Pioneer Valley Poets: Shutesbury poet will read from her new collection

  • Shutesbury poet Janet MacFadyen will launch her new collection, “Waiting to Be Born: American Ghazals and Other Journeys,” at Amherst Books, Wednesday, Nov. 8, at 7 p.m. Courtesy Steve Schmidt

  • Trish Crapo

For The Recorder
Published: 10/25/2017 1:44:25 PM

Recently, I sat down with Shutesbury poet Janet MacFadyen to talk about her new full-length collection, “Waiting to Be Born: American Ghazals and Other Journeys,” just out from Dos Madres Press.

MacFadyen will be holding a book launch at Amherst Books, 8 Main St., Amherst on Wednesday, Nov. 8, 7 p.m.

The collection includes poems written during a residency in one of the remote shacks out in the dunes of the Cape Cod National Seashore near Provincetown, as well as poems that draw from experiences in Ireland, Newfoundland, California and Western Massachusetts. A freelance editor and managing editor of Slate Roof Press in Northfield, MacFadyen draws inspiration and solace from spending time in wild places.

Many of the poems in MacFadyen’s new book are ghazals, a Middle Eastern form with roots going back to the seventh century. MacFadyen readily admits that her poems do not adhere to all of the traditional rules of the form. For instance, the lines of her stanzas fall in triplets, as opposed to couplets, and she does not use a repeating word throughout.

“I tried to stay close to the spirit of the ghazal,” MacFadyen says. “And the logic.”

Traditionally, ghazals are concerned with love, she says. “And that can be spiritual, metaphysical, or that can be actual erotic love.”

A ghazal is a kind of conversation, she adds. In her poems, she vacillates between addressing herself, talking to someone else, or invoking the reader as listener.

Another quality of ghazals is that each stanza is supposed to be able to stand alone. MacFadyen compares the stanzas to individual pearls in a necklace.

“What I tried to do was to make them almost little individual poems, each one,” she says.

“Connections between stanzas can be very tangential,” MacFadyen adds. “Some of mine are more narrative than others. But there should be something connecting them — mood, or image, or something.”

The form allows you to launch into a lot of different subject matters, MacFadyen says. For the poems in this new book, she drew from material in journals she’d kept on various trips as well as from research she was doing for a book on the non-Western roots of science. In the book’s title poem, “Waiting to Be Born,” the detail about the Mayans making paint from flowers and then licking their brushes clean came from that research.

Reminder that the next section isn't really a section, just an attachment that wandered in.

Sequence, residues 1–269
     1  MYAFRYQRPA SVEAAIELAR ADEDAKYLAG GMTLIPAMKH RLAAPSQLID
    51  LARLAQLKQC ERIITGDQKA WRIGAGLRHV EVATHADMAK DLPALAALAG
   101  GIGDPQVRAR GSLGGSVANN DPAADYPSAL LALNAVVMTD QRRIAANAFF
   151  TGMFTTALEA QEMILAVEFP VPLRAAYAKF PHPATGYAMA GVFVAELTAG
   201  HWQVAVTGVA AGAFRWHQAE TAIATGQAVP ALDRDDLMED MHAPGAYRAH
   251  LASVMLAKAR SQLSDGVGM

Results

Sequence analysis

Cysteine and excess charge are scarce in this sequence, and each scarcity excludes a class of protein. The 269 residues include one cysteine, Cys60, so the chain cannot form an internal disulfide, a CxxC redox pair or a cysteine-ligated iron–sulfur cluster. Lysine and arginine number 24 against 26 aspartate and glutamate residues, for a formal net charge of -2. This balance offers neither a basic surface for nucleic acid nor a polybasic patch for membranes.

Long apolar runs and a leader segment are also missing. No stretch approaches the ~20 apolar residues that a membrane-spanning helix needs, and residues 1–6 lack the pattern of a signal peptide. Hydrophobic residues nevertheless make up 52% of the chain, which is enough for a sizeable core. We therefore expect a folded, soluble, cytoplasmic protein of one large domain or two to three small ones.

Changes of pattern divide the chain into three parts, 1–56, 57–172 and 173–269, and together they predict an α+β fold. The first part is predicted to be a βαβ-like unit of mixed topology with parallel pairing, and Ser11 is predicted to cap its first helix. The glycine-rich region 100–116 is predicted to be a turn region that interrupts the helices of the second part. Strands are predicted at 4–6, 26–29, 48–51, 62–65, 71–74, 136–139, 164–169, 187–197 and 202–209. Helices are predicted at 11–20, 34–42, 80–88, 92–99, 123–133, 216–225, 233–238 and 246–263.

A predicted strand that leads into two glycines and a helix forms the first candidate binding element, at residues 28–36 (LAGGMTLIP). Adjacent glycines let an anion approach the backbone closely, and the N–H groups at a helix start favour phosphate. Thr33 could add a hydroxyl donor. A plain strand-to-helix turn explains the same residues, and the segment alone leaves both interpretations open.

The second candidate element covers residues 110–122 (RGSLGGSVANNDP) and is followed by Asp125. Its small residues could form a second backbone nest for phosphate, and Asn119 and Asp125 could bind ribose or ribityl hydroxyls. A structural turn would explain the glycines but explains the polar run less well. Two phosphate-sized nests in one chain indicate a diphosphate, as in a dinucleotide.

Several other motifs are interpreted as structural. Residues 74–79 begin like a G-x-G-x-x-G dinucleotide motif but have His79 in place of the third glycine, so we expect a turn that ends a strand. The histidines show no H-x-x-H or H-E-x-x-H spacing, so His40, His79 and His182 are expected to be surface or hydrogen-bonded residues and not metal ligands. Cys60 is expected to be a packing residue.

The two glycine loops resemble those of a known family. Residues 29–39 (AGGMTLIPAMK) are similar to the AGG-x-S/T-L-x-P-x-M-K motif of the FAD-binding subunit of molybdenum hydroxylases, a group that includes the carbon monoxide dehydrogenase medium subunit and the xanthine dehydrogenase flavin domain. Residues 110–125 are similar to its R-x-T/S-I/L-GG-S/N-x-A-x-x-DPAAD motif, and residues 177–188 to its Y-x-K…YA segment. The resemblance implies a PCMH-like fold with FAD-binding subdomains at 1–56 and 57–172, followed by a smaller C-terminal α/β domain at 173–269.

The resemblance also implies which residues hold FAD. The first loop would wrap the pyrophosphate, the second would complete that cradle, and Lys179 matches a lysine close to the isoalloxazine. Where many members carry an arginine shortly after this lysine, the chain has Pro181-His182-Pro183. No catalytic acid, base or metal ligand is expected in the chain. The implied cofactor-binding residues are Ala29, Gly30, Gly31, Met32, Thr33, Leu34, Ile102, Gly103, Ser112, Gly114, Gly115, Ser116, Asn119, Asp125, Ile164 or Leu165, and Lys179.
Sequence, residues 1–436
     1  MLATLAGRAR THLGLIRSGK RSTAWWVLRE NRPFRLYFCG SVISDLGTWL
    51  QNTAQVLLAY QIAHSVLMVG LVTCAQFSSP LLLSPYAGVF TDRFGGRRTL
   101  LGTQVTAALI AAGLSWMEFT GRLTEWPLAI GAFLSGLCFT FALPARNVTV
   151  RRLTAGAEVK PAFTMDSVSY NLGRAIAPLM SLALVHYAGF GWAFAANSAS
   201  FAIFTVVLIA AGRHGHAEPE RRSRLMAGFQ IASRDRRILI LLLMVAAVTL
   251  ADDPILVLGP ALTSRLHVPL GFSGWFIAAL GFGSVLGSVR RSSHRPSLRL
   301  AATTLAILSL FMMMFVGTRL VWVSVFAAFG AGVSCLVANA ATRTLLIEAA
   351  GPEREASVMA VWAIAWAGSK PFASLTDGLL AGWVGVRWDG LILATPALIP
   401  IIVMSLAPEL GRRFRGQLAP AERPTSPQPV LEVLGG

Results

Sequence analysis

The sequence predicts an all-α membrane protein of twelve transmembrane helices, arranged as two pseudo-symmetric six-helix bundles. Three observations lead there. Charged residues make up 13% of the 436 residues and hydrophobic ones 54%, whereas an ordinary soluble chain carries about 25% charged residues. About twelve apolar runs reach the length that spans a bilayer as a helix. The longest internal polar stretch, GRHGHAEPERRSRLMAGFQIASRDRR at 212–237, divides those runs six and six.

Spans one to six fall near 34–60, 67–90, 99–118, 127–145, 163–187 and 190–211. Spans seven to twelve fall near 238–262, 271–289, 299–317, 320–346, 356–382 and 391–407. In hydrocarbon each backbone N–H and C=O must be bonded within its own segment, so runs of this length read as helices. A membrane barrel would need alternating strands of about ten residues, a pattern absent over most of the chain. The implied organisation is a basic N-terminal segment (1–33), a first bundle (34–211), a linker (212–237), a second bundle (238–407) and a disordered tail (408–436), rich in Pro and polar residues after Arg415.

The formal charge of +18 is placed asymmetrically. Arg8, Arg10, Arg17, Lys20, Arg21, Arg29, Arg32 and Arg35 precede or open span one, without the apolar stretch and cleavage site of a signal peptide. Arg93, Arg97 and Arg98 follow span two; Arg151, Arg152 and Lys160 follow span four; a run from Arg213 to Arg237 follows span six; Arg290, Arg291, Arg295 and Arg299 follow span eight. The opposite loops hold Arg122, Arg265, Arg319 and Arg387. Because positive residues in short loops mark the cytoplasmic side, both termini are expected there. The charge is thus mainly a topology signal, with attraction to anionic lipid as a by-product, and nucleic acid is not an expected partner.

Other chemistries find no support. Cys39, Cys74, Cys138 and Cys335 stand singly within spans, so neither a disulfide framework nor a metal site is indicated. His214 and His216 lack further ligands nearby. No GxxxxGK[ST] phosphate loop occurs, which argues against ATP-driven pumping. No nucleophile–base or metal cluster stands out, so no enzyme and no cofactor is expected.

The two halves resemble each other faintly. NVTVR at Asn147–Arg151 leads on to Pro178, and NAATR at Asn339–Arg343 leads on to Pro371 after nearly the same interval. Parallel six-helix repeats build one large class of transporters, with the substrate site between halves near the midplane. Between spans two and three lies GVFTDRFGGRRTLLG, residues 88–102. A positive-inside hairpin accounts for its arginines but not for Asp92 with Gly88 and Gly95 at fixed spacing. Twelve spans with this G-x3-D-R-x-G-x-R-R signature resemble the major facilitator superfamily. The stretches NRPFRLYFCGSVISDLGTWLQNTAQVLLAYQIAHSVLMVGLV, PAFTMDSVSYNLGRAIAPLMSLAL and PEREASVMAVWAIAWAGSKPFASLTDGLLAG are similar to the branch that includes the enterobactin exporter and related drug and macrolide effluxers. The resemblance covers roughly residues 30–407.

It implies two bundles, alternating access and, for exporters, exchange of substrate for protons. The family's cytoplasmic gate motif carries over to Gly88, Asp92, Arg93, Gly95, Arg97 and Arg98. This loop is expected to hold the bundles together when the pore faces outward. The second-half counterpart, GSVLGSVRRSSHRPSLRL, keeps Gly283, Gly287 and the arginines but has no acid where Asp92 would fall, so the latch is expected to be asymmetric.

The opening of the poem came from a dream she’d had, in which she’d been walking through a landscape similar to the grasslands in the Golden Hills of California. As she walked, she began to be aware that there was a path running parallel to hers.

“I knew there was a mountain lion on the other path and that sooner or later the two paths would converge,” MacFadyen said.

In the last stanza, MacFadyen is invoking one of the traditional aspects of the ghazal form when she addresses herself: “Oh, Janet, you need one more line about the sweetness/ of things.”

“It felt risky to be naming myself at all,” MacFadyen says, “But it also felt kind of tender, in this funny way.”

She tells the story of a meditation class she took in which the instructor advised her students to reel their attention back in from distracting thoughts by refocusing on their breath and saying to themselves, “Welcome back, dear one.”

“In my family, that would have been ironic, sarcastic, or even said in the middle of a fight,” MacFadyen says. “But she was serious. … So I thought, what’s that like, to try on the idea that your own self is valued?

“This whole book was sort of a wake-up call for me. ‘Waiting to be born,’ well I don’t feel that I’ve been born yet, in some fashion, in the willingness to really speak out and the willingness to really see what the world is like. To really feel like I have a right to walk in the world.”

MacFadyen says that this realization began during a Nor’easter in the dune shack, an experience that drove home to her how tenuous our lives are, and how tenuous the earth itself is.

“Well, it seems like the act of writing poems brings you back to that over and over again,” I say. “If there were nothing left to learn or no way to grow, we’d probably stop writing poems. We’d be done. So I guess, just to say, you’re never actually going to ‘get there.’”

“Yes,” MacFadyen agrees. “I still haven’t got there. Every day I wake up and continue traveling.”

Hear Janet MacFadyen read from “Waiting to Be Born” at Amherst Books, 8 Main St., Amherst on Wednesday, Nov. 8, 7 p.m. For more info: 413-256-1547 or visit www.amherstbooks.com. MacFadyen’s book is available at Amherst Books, at World Eye Bookshop, 134 Main St., Greenfield, or online at www.dosmadres.com

Trish Crapo is a writer and photographer who lives in Leyden. She is always looking for poets, writers and artists to interview for her columns. She can be reached at tcrapo@mac.com


Jobs



Support Local Journalism

Subscribe to the Greenfield Recorder, keeping Franklin County informed since 1792.


Greenfield Recorder

14 Hope Street
Greenfield, MA 01302-1367
Phone: (413) 772-0261
Fax: (413) 772-2906

 

Copyright © 2019 by Newspapers of Massachusetts, Inc.
Terms & Conditions - Privacy Policy